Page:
Feeds

Jobs confirms iCloud's murder of iWeb

'Hey! You! Get onto my cloud'

Reducing the cost and complexity of web vulnerability management

With the introduction of iCloud, Apple's MobileMe service is about to go the way of the buggy whip. One of its soon-to-be-obsolesced components will be the web-hosting service for sites built using Jobs & Co.'s iWeb app.

Or so says none other than Apple CEO Steve Jobs, if a purported email interaction between one fanboi and The Great Steve Himself™ is to be believed.

When asked about the end of MobileMe's one-click hosting of websites created by iLife's quick 'n' easy iWeb app, MacRumors reports, Jobs replied thusly:

Steve Jobs email regarding iWeb

'Concise' may be understated (source: MacRumors)

Of course, there's no way to verify the veracity of this Jobsian correspondence, but its three-character content – 2.14 per cent of a Tweet – is characteristically terse, landing as it does neatly between the four-character "Nope" that Jobs reportedly sent in answer to a question about whether all Mac apps would need to be sourced from the Mac App Store, and his two-character "No" when asked whether a Wi-Fi iPad would be able to internet-tether using an iPhone's 3G connection.

We're betting that the missive was actually "Sent from [Jobs'] iPhone", as alleged. After all, although Apple is famously tight-lipped about, well, about everything, Jobs does occasionally use his iPhone to tap a few words to the world outside One Infinite Loop.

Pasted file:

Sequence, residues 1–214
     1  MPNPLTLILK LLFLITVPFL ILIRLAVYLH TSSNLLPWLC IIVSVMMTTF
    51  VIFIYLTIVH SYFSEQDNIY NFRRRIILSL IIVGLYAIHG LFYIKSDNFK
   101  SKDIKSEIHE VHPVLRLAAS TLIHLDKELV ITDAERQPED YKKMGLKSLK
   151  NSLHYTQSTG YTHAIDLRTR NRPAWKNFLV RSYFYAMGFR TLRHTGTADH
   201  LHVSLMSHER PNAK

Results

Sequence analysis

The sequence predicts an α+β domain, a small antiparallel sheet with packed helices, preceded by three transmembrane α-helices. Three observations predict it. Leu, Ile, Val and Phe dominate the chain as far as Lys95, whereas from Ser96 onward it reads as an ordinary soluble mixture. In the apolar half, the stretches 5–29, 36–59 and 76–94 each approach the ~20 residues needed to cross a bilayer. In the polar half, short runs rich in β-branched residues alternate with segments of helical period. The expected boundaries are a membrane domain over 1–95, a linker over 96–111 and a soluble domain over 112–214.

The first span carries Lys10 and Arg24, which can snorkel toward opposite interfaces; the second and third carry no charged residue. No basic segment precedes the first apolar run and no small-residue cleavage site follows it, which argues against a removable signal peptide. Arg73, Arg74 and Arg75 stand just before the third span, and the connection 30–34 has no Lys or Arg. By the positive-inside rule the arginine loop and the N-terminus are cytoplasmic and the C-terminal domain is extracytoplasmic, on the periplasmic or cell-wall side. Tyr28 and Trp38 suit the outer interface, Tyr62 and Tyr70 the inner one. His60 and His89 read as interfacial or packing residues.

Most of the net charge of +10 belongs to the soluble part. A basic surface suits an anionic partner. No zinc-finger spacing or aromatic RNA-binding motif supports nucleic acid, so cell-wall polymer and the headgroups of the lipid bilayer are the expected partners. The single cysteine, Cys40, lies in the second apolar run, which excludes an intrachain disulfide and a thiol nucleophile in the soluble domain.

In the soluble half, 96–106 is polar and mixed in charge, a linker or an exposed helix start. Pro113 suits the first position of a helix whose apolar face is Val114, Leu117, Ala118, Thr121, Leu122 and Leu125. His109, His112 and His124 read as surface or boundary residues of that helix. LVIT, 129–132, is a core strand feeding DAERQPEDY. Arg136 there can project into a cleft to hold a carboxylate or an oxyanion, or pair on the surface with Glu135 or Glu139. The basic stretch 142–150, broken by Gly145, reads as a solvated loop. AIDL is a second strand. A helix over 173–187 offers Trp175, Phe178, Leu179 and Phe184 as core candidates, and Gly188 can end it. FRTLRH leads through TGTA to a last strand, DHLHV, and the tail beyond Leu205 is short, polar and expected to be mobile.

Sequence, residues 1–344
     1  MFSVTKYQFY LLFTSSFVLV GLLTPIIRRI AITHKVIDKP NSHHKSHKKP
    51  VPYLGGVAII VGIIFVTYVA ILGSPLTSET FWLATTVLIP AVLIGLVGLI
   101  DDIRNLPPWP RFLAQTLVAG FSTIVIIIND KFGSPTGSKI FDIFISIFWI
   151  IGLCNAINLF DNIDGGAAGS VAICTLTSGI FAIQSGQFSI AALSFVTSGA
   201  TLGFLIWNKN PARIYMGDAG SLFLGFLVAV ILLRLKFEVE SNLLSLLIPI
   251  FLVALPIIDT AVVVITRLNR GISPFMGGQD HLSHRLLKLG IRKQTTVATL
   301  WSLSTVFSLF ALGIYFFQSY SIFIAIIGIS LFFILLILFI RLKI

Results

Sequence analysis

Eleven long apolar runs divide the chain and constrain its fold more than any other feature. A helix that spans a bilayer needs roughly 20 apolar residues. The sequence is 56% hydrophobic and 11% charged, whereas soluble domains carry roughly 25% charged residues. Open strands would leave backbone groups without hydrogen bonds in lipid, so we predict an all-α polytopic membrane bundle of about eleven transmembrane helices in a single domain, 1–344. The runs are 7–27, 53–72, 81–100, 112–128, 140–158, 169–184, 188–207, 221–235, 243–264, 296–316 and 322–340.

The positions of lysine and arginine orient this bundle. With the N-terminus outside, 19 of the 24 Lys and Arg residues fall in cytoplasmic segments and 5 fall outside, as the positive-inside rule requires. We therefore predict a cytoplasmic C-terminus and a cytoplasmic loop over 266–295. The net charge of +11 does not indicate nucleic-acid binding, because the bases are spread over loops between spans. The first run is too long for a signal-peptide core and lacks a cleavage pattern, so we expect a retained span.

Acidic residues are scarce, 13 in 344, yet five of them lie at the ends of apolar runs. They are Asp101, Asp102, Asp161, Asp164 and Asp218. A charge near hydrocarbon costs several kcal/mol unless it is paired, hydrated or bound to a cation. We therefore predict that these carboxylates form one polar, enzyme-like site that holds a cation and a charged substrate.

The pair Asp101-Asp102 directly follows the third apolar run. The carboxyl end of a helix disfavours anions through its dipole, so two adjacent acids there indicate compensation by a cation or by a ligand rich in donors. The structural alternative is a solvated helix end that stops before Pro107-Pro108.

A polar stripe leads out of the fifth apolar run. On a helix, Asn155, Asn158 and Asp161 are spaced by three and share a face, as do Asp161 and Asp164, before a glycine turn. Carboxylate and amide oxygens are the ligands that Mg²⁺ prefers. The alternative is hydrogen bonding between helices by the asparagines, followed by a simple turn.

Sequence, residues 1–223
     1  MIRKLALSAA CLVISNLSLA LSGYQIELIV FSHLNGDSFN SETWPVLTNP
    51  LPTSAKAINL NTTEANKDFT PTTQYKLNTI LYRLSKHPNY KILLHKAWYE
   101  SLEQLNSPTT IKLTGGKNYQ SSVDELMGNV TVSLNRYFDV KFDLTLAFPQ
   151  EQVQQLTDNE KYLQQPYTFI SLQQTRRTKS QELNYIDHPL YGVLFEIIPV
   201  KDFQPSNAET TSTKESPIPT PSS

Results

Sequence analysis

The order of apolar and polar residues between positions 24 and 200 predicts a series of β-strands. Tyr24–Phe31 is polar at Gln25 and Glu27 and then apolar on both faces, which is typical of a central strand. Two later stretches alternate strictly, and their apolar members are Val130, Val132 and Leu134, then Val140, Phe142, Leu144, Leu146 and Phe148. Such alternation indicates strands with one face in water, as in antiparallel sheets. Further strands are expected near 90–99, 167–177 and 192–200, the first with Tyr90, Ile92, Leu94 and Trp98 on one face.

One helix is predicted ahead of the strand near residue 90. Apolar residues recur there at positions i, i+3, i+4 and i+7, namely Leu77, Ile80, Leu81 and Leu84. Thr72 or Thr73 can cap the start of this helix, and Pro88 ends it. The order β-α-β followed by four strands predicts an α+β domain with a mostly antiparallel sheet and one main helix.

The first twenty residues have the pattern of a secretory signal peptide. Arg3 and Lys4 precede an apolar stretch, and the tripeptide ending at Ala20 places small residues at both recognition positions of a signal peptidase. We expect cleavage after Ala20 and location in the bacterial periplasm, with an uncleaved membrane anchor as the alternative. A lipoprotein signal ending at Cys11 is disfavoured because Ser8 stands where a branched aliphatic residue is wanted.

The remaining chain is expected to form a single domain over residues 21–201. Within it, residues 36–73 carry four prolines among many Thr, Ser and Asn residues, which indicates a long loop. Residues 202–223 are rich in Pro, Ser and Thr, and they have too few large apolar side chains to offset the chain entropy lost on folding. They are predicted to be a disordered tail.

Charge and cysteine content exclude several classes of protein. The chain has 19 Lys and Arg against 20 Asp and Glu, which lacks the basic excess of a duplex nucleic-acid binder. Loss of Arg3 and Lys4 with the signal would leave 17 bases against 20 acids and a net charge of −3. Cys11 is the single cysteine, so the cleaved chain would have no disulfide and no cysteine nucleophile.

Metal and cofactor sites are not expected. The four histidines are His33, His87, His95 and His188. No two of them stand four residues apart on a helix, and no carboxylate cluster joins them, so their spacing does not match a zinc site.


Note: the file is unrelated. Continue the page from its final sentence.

Remember, if you will, his previous alleged emails clarifying App Store subscription rules, telling a pesky student to leave Apple alone, pointing to a VP8 video-codec analysis, promising iPad printing, discussing a patent pool to "go after" Theora, and calling an analyst "nuts" for saying that the iPad's Euro-launch was intentionally delayed.

Perhaps the most famous of Jobs' iPhoneian pronoucements was his response to a developer who had eloquently argued to be allowed to keep the name of his app, iPodRip: "Change your apps name," Jobs tapped. "Not that big of a deal."

If Jobs' latest missive is authentic – and MacRumors contends that its email headers appear to be the real deal – the end of MobileMe' web-hosting service is no surprise.

As we've mentioned before, iCloud is ending the life of multiple MobileMe services and, in the process, subtly shifting your use of online files and data towards Apple's applications ecosystem. Also to be deep-sixed by iCloud, apparently, are the browser-based iDisk store-whatever-the-hell-you-want cloudy file-syncing and online-storage service, and MobileMe's browser-accessible Gallery for photos and videos.

When a certain Reg reporter dubbed the twenty-teens as the "Out of Control Decade", not a few readers suggested that a tinfoil hat might be an appropriate fashion statement. Now, as Jobs & Co.'s iCloud moves access to files and other content from the open web to iOS and Mac OS apps only, that Reynolds Wrap chapeau may not be quite so ludicrous, eh? ®

Choosing a cloud hosting partner with confidence

Whitepapers

Providing a secure and efficient Helpdesk
A single remote control platform for user support is be key to providing an efficient helpdesk. Retain full control over the way in which screen and keystroke data is transmitted.
Saudi Petroleum chooses Tegile storage solution
A storage solution that addresses company growth and performance for business-critical applications of caseware archive and search along with other key operational systems.
Security and trust: The backbone of doing business over the internet
Explores the current state of website security and the contributions Symantec is making to help organizations protect critical data and build trust with customers.
Reg Reader Research: SaaS based Email and Office Productivity Tools
Read this Reg reader report which provides advice and guidance for SMBs towards the use of SaaS based email and Office productivity tools.
Security for virtualized datacentres
Legacy security solutions are inefficient due to the architectural differences between physical and virtual environments.